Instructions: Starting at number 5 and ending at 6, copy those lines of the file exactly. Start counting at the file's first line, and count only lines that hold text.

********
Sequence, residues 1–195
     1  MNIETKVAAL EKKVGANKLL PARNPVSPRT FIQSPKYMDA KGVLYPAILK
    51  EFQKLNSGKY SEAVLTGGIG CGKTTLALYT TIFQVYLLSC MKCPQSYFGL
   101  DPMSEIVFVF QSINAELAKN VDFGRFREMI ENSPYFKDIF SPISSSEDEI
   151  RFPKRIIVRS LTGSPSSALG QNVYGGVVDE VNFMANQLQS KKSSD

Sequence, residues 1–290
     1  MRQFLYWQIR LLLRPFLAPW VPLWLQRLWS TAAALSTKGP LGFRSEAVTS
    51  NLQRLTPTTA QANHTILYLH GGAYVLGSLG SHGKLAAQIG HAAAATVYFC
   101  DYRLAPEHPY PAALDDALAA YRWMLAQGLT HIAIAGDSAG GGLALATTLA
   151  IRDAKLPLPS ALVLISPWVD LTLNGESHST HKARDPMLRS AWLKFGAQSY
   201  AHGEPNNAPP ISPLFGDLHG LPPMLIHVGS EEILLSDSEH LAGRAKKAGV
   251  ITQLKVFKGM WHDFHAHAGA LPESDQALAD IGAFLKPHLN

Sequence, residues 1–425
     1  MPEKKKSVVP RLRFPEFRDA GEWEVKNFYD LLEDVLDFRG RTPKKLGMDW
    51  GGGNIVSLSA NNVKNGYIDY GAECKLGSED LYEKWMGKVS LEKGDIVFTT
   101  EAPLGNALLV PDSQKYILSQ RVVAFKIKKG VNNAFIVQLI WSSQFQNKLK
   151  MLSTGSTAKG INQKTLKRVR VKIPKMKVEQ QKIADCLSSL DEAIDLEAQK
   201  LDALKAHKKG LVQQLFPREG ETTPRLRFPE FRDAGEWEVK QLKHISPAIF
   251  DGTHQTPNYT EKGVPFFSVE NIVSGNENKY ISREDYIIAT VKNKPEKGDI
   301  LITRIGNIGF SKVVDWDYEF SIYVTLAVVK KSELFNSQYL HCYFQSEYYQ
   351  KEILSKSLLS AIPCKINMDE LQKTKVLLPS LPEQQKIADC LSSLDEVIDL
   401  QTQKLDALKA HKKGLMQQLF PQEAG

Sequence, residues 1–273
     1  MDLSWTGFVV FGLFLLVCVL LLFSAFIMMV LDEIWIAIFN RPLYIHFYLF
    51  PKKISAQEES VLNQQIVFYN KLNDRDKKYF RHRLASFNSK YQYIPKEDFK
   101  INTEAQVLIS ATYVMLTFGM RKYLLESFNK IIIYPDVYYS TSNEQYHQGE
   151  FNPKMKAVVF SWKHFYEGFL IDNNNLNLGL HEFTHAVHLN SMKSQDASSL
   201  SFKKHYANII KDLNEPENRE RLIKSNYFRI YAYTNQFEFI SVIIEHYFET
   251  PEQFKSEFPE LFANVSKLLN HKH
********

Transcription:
   151  RFPKRIIVRS LTGSPSSALG QNVYGGVVDE VNFMANQLQS KKSSD

Sequence, residues 1–290